I’m pretty happy that my union, the Victorian Allied Health Professionals Association, is organising its own t-shirt campaign in support of the asylum seekers held in indefinite detention by the Australian government. Buy yours here – wear it to work and everywhere else from 1st – 5th May and make sure you join everyone at the May 2nd rally/vigil at the State Library, 5:30pm. See you there! (I’ll be wearing my t-shirt).
This article, by Fotis Kapetopoulos, who happens to be a Dad from our local soccer club in Darebin, captures something that most concerns me about Malcolm Turnbull’s recent announcements of changes to Australia’s citizenship laws. And that is the dilution of our universal citizenship rights.
I believe this has been the key to our multicultural success since the lifting of White Australia in the late 60s and early 1970s.
Tonight I’m speaking at this Refugee Action Collective forum on the plight of Iraqi refugees seeking asylum in Australia.
The government and coalition have passed motions calling for an end to the genocide of minorities in Iraq and yet they are refusing to back Greens’ attempts to introduce a moratorium on deportations of asylum seekers and to restore Australia’s humanitarian intake to 20,000.
Today marks the fourth anniversary of the Apology.
It comes as the Gillard government introduces its new Stronger Futures legislation, which would extend the NT intervention measures.
And it also comes alongside new evidence of a large increase in suicides amongst young Aboriginal girls in the Northern Territory after the implementation of the Intervention.
There’s other evidence as well, which shows that over years since the Apology, things have gotten appreciably worse for Aboriginal young people. Last week, the Productivity Commission’s report on Government services released figures showing that juvenile detention rates for Indigenous people between 10 and 17 years jumped by more than 20 per cent in 2009-10 from the previous year. Continue reading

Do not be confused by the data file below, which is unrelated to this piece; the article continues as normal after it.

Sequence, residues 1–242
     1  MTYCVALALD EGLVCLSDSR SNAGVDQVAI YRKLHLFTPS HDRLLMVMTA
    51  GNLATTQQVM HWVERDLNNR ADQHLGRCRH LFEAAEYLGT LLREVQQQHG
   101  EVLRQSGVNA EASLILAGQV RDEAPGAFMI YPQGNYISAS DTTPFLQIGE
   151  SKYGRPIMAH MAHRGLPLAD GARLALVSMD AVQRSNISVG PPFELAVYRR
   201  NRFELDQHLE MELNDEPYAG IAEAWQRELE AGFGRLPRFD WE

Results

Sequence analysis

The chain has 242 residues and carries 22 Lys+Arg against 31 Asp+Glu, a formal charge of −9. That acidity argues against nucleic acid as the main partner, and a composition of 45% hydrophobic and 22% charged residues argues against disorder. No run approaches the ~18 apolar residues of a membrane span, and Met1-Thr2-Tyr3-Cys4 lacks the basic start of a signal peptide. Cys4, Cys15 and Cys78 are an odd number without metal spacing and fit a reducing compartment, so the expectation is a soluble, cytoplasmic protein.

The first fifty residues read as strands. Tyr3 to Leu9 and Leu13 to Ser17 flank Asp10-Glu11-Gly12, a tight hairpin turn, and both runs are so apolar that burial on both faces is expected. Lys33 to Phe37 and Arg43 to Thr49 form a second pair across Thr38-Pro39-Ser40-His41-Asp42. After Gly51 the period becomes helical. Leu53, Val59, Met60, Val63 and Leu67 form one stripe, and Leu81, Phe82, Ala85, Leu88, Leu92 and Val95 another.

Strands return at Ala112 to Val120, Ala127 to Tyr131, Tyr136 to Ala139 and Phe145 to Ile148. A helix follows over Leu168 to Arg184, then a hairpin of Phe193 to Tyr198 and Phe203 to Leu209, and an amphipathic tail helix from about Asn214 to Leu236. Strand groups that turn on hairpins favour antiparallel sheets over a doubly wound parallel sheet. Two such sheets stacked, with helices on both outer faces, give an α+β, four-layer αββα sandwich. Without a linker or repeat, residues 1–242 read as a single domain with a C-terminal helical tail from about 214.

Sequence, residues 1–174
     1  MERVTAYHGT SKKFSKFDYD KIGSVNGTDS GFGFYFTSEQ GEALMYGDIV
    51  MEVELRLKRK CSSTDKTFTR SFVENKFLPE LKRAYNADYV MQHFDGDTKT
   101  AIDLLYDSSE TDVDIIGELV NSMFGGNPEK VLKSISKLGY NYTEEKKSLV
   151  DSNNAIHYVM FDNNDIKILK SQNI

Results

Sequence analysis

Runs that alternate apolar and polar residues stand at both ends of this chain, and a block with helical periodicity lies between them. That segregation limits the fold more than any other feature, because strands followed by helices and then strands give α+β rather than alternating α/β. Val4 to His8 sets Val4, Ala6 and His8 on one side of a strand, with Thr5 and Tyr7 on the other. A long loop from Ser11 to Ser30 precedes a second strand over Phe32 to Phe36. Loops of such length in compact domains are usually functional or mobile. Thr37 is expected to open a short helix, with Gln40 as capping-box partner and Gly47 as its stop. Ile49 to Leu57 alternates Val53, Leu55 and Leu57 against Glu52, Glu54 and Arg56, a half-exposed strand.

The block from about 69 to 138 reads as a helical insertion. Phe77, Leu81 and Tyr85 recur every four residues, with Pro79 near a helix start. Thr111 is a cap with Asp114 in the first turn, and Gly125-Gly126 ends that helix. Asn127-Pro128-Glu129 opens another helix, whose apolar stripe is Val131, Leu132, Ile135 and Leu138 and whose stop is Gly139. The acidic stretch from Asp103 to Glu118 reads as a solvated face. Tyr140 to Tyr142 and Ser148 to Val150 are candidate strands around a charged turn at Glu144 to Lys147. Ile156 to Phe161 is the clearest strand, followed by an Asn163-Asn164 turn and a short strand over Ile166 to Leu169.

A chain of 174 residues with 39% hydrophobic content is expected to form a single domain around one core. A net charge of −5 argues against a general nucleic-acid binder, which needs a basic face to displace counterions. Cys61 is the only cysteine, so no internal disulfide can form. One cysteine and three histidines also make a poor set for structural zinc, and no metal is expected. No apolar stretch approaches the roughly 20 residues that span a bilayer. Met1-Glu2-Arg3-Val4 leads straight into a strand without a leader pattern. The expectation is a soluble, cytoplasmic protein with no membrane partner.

My first Pride March for five years, and I’m glad to say it’s still going very strong, despite being comprehensively rained on.
Our Greens contingent, though not our largest I’ve seen, was still lively and we got heaps of cheers, walking under our All Love is Equal banner. And we had the most parliamentarians – Adam Bandt, Sue Pennicuik and Greg Barber.
So glad we were all there – it’s a major event for the year for the Greens, the only parliamentary party really standing for human rights.
The Greens contingent at Pride 2012
Janet, Michelle and Adele, as we head off
Our All Love is Equal banner
Triangles with Greg in background
Darebin Greens - Michael Little and me
Post-rain, with Dinesh Mathew
Speech to ACE Collective Rally outside Ferguson’s office, 30 April 2010 By Alex Bhathal, Greens candidate for Batman
It’s been two months since we were last here outside our local member’s office, although there’s been a few other community groups here in between times, keeping our seats warm for us!
In these two months, there have been quite a few developments around Martin Ferguson’s National Radioactive Waste Management legislation:
- The Senate Inquiry has held its two public hearings, and as we know, is due to hand down its report today.
- The plight of the owners of Muckaty Station has attracted the interest of human rights lawyers who believe there’s a legal basis on which to challenge the site’s nomination process.
- There’s growing awareness amongst the general public about Ferguson’s legislation and what it means.
- And of course, elders from the Muckaty Station lands have travelled the length of the country in an attempt to get a fair hearing.
In the past two months, I’ve learnt quite a bit more about the Muckaty Station site and have followed the Senate hearings closely. Some of what has transpired in this time really shocked me. Continue reading
I’m a social worker and mother of two from Preston, in Melbourne’s northern suburbs. I am involved in the Australian Greens, currently serving as inaugural Convenor of the Global Greens Women’s Network.
I’m active in social justice and human rights advocacy, and in working for the environment.
If you’d like to find out more about my work please go here.
If you’d like to find out more about my research on climate change.
To read about my views on multiculturalism and the current challenges facing international students, and Australia’s Indian and other newly arrived migrant communities, please go here.
To read about my views on human rights and what’s happening to refugees and asylum seekers in Australia, please go here.